With Banner's advanced technologies and certified radiology team, you’ll receive the most accurate results for any CT scan or CTA your doctor orders.
A computerized tomography scan is commonly known as a CT scan. It is an x-ray that views a specific part of your body from various angles and then combines these images to get a complete and comprehensive picture of internal organs, the brain, bones, muscles, blood vessels and nerves. Sometimes a contrast dye is injected to enhance whatever the radiologist and your doctor are looking at.
CT scans are commonly associated with detecting a stroke or brain injury, but it can be used in a number of different ways. CT scans can help:
A CT scan is often combined with a PET scan to see how a treatment, such as a cancer treatment, is working. This ensures that you or your loved one is getting the right treatment or procedure at the right time and to the right area of your body. Learn more about PET scans.
Banner Health offers CT scans at various medical imaging centers, find a location near you.
CTA stands for computed tomography angiogram. It is a non-invasive procedure that combines a CT scan with the use of a special dye injected into your bloodstream. An angiogram can also be performed without the use of a CT scan.
A CTA (CT angiogram) is used to look for any abnormalities in blood vessels located in your brain, heart, lungs, kidneys or other areas of your body. It is commonly used to find the location of an aneurysm, examine blocked or narrowed arteries, find blood clots, identify abnormalities in your brain or to evaluate a tumor. CTAs are commonly used to help diagnose a stroke or heart attack.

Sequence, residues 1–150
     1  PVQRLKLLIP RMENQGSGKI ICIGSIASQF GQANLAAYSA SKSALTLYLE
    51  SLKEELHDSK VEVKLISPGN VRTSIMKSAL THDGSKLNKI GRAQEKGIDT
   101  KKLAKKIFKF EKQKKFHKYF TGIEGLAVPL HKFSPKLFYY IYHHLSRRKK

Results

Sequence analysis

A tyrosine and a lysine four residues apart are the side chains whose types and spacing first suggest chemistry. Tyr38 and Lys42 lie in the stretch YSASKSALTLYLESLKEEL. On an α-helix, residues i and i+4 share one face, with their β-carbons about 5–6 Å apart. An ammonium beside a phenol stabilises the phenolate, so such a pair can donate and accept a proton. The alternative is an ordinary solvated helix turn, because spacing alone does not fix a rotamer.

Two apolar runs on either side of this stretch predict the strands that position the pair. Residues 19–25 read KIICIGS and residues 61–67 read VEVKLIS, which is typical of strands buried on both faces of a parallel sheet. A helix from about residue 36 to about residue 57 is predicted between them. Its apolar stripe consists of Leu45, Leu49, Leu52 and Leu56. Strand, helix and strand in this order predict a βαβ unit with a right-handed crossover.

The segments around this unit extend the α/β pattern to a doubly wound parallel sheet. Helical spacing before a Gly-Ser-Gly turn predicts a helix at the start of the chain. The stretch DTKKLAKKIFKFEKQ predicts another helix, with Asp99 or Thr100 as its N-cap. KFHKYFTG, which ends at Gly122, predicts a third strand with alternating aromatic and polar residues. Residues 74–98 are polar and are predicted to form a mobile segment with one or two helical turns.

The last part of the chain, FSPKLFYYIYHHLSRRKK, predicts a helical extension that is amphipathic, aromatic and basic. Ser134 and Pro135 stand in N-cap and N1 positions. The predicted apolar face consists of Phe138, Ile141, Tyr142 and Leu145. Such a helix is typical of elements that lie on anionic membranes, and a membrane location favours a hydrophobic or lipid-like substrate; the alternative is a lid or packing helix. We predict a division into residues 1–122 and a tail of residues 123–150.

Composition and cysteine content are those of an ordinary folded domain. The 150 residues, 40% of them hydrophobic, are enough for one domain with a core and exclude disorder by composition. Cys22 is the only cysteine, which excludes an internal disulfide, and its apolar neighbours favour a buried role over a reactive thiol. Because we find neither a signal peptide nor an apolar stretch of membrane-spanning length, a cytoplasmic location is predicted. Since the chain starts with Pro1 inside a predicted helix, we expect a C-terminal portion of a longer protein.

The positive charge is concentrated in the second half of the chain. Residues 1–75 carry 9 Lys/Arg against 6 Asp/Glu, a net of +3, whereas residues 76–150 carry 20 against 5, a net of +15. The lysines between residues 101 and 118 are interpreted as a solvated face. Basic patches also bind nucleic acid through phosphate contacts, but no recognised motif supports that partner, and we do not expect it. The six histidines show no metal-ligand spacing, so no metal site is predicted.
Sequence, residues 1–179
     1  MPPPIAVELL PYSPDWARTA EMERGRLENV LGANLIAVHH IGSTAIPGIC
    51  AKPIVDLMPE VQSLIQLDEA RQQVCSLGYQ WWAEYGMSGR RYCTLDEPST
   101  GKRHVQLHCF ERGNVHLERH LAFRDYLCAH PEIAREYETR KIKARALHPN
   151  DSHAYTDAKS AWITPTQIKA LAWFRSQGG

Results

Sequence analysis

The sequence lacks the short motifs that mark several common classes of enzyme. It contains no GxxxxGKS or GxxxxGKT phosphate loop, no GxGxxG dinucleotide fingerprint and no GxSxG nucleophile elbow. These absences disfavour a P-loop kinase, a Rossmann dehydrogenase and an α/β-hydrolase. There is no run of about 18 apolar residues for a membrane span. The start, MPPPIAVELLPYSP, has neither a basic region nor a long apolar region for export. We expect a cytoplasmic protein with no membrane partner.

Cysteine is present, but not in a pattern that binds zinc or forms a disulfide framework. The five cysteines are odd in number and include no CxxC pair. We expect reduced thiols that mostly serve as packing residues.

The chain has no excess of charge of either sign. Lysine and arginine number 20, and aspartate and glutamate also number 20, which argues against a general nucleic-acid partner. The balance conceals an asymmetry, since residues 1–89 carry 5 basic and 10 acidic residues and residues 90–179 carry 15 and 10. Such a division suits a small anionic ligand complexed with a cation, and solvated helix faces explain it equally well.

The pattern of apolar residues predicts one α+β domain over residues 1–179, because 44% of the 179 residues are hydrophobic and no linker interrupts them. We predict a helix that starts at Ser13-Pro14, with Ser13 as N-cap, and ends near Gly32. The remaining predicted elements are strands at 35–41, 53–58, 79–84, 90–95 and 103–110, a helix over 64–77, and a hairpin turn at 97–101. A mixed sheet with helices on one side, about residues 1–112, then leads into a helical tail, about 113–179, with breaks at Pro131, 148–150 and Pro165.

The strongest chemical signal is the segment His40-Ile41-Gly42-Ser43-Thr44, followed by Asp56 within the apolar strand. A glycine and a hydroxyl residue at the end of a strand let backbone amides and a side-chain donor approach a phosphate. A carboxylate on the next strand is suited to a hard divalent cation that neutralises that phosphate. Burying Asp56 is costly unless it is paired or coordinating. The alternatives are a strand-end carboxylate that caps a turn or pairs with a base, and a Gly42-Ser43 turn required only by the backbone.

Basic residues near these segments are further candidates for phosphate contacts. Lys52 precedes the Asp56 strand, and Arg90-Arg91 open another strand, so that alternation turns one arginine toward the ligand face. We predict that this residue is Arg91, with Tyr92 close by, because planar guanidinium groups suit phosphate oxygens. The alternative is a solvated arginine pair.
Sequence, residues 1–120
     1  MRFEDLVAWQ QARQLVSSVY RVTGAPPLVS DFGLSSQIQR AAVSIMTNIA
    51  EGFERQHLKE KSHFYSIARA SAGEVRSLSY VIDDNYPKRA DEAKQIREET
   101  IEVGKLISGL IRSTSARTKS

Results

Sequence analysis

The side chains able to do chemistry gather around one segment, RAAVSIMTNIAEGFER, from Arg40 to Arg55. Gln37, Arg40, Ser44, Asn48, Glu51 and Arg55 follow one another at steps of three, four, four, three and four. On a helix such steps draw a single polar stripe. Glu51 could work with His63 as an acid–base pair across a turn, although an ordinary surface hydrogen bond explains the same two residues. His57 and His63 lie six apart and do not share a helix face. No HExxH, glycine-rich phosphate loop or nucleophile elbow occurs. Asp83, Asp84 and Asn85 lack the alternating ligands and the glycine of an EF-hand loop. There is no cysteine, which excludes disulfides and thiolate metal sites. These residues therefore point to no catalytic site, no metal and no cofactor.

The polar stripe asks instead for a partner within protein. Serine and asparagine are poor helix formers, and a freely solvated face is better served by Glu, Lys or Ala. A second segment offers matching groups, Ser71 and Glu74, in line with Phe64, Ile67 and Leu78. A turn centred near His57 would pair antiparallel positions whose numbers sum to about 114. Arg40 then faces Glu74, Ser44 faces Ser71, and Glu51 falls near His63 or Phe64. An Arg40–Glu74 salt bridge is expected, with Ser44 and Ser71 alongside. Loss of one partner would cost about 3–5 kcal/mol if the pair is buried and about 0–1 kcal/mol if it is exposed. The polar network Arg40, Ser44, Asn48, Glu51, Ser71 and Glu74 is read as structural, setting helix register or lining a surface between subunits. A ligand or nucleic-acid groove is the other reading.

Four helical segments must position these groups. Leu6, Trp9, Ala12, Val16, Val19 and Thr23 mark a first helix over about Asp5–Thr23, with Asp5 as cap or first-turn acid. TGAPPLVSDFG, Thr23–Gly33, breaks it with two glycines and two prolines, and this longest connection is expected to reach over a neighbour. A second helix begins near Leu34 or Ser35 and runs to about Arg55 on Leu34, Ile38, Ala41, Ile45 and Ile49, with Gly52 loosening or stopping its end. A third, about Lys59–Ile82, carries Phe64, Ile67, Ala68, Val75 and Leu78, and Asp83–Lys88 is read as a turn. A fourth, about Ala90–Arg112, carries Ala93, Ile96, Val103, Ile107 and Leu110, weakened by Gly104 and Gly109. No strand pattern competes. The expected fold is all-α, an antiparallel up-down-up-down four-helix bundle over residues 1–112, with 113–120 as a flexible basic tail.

A CT or CTA scan is usually an outpatient procedure, which means it can be done at a Banner Health hospital, clinic or at select Banner Imaging locations.
Typically, very little preparation is needed but common preparation includes:
CT scans and CTAs are painless procedures. You will lie on a motorized table that moves through the scanner. You will be asked to remain as still as possible for the remainder of the scan and you may hear buzzing or whirring noises. Most scans take between 5-30 minutes.
For a CTA, you will receive an IV in your arm that will administer the contrast dye used as part of the scan.
Complications are rare. If a contrast dye is used, some people may have an allergic reaction, but it is unlikely. Pregnant women should not have a CT scan.
If you have any questions or concerns about your CT scan or CTA, be sure to talk to your doctor.
Whatever your need, your doctor can refer you to one of our conveniently located free-standing imaging centers or one of our hospitals.